Learn about the issues in color control and proofing that printers face when producing ceramic decals with process-color separations.
Once a proof is accepted, it can be closely replicated on press during the production run. Since most conventional printers run all of their colors at once, and since the printed color is also the final color, the accuracy of the press prints relative to the proof can be quickly verified as the first production sheets are completed.
Unfortunately, ceramic printing has yet to benefit from similar technology. Although technically feasible, no proofing system currently available will accurately represent fired ceramic colors. Thus, ceramic printers must rely either on their computer monitors or on conventional contract proofs with non-ceramic colors. With this latter option, color fidelity depends on the accuracy of the translation from ceramic to conventional color space and is subject to all the same translation problems described previously.
Due to the lack of a reliable, standardized contract-proofing system for ceramics, the ceramic proofing workflow is much more laborious than its conventional counterpart. Typically, clients will provide original art, a transparency, or a conventional contract proof as a color target. The ceramic printer then must translate the incoming color into the ceramic color space best suited to the project, using the color displayed on a computer monitor to verify separation accuracy. Film is then output, screens are made, and the job is sent to press.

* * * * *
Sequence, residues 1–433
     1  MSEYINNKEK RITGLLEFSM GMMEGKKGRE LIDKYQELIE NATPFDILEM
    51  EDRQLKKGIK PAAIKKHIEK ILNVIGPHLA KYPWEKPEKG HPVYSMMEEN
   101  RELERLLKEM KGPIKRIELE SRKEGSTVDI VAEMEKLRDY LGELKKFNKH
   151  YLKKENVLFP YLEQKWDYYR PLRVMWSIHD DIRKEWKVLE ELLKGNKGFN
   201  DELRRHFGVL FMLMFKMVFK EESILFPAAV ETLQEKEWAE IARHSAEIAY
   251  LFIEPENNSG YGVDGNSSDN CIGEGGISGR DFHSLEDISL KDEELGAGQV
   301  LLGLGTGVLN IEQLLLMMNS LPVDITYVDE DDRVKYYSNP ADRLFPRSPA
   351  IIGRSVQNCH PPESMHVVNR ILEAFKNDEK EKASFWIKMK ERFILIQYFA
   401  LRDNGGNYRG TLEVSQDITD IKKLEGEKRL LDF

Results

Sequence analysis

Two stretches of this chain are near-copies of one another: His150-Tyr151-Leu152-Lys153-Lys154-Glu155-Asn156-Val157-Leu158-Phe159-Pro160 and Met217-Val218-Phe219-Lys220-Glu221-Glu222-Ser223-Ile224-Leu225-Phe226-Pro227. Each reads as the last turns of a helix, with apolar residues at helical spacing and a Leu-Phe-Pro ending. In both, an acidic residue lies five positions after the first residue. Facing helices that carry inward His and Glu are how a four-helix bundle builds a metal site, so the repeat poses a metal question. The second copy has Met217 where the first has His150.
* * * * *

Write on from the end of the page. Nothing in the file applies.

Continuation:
Next, the press operator will print the work, focusing primarily on controlling dot gain. Since colors on the final print bear little resemblance to the colors that will develop with firing, assessing the printed but unfired decoration is unlikely to uncover color fidelity problems. Color assessment must wait several hours for the decoration and firing to be completed. Then, if color problems are detected, the entire process must be adjusted and repeated--from prepress through production.
Correct firing parameters are also critical in maintaining color fidelity. In order for the printed pigments to attain their final colors, they must mature at a given temperature. Any variation from the desired temperature and atmosphere of the kiln can alter the color that develops during the firing process.
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